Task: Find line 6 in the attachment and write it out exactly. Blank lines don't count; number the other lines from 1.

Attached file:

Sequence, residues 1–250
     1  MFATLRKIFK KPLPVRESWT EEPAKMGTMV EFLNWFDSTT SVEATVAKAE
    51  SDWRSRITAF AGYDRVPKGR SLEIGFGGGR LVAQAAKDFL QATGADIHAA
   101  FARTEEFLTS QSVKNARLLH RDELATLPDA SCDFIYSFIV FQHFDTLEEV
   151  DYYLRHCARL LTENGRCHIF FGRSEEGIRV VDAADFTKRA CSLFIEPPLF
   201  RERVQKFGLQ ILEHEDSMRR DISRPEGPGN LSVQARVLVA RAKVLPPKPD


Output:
   201  RERVQKFGLQ ILEHEDSMRR DISRPEGPGN LSVQARVLVA RAKVLPPKPD